Innovation as an object of civil relationships
This article explores innovations as objects of civil legal relations and their impact on the contract. The contract is a universal form of regulation of these relations. The analysis of scientific concepts on the objects of legal relations became the basis for the conclusion about the priority of pluralistic approaches to the objects of legal relations in general. Regarding innovation, the article argues for an inexhaustible list of them.
The author argues that innovation must be technological in nature. Therefore, goods and services produced by technological innovations cannot be innovations. Products can be innovations if they have new or improved qualities.
On the basis of the analysis of special legislation, it is concluded that the characteristics of innovations stipulated therein are of an economic rather than legal nature. However, some of them, such as novelty and practical suitability for improving the industrial, economic or social sphere, are the basis for the formation of legal characteristics of innovations.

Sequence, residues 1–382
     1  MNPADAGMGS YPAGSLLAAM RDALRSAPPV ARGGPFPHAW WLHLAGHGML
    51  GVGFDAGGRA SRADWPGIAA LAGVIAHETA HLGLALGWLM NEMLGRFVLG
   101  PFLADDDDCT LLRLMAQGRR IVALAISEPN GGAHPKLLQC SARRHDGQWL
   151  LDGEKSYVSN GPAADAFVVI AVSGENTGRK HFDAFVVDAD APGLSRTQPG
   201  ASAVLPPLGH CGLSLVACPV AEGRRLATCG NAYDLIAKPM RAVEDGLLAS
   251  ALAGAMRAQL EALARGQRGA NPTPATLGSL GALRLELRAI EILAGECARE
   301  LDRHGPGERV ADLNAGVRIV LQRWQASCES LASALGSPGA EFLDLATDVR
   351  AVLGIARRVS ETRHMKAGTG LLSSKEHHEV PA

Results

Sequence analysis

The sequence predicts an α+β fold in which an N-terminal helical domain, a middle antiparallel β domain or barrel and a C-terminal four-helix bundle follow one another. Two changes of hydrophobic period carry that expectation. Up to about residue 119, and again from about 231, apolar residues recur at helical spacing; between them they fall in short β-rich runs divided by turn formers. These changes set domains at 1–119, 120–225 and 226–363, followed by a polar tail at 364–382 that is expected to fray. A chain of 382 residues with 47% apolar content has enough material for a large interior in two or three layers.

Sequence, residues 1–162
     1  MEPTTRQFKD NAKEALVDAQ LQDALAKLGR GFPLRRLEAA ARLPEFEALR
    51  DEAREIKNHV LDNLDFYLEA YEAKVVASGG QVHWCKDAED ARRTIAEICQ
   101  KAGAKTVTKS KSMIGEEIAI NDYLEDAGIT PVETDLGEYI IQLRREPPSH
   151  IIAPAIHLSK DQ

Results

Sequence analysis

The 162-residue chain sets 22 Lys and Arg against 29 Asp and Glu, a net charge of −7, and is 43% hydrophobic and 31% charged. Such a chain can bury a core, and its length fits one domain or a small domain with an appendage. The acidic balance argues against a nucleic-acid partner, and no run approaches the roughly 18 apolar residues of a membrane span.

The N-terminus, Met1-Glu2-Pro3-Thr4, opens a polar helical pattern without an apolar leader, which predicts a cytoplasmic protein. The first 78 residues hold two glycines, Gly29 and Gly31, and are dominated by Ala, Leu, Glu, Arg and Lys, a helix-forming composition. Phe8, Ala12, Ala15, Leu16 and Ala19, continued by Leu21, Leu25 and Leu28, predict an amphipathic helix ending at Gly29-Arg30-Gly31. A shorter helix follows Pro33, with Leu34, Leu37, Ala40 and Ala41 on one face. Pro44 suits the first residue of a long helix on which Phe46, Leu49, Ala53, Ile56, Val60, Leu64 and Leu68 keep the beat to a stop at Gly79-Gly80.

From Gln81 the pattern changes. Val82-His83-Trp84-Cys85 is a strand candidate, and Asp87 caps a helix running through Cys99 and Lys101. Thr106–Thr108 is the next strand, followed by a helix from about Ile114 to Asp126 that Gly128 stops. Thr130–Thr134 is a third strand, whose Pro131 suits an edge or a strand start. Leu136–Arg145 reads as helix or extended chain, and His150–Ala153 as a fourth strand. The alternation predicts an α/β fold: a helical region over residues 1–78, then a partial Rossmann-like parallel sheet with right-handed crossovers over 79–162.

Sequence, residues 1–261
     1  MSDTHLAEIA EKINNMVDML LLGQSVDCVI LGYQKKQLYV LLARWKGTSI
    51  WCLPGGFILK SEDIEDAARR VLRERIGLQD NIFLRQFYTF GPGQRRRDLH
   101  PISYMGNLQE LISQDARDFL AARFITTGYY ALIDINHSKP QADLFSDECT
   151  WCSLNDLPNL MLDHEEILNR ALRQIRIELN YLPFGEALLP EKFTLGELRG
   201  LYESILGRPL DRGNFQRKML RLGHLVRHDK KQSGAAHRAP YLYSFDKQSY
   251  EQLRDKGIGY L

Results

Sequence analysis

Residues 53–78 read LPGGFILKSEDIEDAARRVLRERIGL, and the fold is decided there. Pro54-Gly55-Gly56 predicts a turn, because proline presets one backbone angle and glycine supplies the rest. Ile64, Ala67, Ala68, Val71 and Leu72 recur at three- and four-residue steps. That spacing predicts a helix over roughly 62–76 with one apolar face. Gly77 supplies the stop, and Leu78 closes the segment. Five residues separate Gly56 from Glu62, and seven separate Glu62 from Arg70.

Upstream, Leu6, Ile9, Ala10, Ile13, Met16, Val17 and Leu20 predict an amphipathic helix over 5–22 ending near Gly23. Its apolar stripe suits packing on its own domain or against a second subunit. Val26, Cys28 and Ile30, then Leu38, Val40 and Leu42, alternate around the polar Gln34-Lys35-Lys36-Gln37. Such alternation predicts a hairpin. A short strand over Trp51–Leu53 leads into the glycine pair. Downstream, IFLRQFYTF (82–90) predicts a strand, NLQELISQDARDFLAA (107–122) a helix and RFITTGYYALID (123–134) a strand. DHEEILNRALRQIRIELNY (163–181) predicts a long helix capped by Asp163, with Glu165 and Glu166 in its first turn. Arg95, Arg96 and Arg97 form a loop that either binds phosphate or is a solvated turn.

From the point of law view, innovation is a complex integrated legal concept, which includes several objects of intellectual property rights. It is substantiated that innovations include, first of all, objects of industrial property rights, but not only them. Innovations consist from the objects of intellectual property rights, but differ from them in the moment of their creation. Objects of intellectual property rights acquire these attributes on the basis of receipt of supporting documents or other grounds established by law, while innovations acquire a special status by virtue of confirmation of the fact of their practical introduction into production.